Originally from British Columbia, in Canada, Ace has worked in the music industry for nearly 30 years. He began his music career as a music journalist, writing for such magazines as Metal Edge and Metal ManiacsIn 2000 he made the move to Los Angeles to work for one of the biggest music merchandise companies in the world, Bravado.  During his time there, he worked with artists as diverse as The Who, Christina Aguilera, Iron Maiden and Guns ‘N Roses. 

In 2003, Ace started Siren Artist Management, with his business partner Adam Parsons.  Since the start of the company, Siren has managed the careers of some of the greatest artists to ever take to the stage.  With his roster including such bands as Uriah Heep, Thin Lizzy, Europe, Black Star Riders, Stiff Little Fingers and others.  As a result, Ace has since become an expert in the field of artist management.

If you’re passionate about music or you’re a band looking for insider advice, then check out Ace On Music, his YouTube channel, where discussions range from industry behind the scenes to favourite album covers and more.

As part of a new series, I wanted to know more about the artist management role.  Ace was kind enough to offer me an insight into his world and Siren Artist Management.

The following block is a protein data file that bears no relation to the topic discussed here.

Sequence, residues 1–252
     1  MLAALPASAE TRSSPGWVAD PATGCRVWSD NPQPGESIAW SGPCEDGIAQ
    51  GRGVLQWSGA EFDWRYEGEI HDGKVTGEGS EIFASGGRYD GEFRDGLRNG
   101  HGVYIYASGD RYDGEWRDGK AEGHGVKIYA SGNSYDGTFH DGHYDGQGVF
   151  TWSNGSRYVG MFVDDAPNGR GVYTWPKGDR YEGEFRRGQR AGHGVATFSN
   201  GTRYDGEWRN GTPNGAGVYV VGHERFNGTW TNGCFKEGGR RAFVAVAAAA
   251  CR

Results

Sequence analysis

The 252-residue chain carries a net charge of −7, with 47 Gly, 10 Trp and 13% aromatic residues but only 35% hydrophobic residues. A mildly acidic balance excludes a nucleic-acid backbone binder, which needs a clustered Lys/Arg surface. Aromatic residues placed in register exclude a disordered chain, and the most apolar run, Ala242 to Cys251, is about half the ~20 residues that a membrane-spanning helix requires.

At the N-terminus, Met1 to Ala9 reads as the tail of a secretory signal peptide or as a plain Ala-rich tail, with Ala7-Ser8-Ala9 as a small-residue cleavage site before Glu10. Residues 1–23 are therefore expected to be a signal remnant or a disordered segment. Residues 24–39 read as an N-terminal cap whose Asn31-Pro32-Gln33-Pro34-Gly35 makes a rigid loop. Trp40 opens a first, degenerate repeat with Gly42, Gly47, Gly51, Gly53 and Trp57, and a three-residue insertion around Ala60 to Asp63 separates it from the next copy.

As a manager, what does your job entail? 

I get asked this all the time.  Everyone knows that bands usually have managers, but when pressed, few actually know what a manager does.  The best way I can lay it out is to think of a band as a corporation.  The band members are the board of directors and they hire me to run the day to day business of their company.  Basically, I am the CEO.  I drive the train… All the decisions for the band come across my desk.  Albeit, in consultation with the board members.

Are you a personal manager, business manager or both?

I am NOT a business manager.  All of my bands have very skilled and talented people who are wizards in the ways of taxes and the like.  I am more of a personal manager.

When and how did you make the step into becoming a manager?

That is a great question… it isn’t like you can go to school and take a music management course (well, not usually).  A great many managers come from either a financial or a legal background.  But ultimately, in my view, it takes someone that can advance the band’s agenda and make things better then they were before he/she took on the job.  It takes someone with enough self-confidence to step and do the job.

Who was your first client and what lessons did you learn during that time?

My first client were the 80’s stars Asia.  Both my business partner, Adam Parsons and I learned a great deal from that time.  Also, I learned a lot of the dark side of the industry and just how awful can be.  That being said, I don’t regret a thing.

Do you have any advice for anyone interested in managing bands or artists?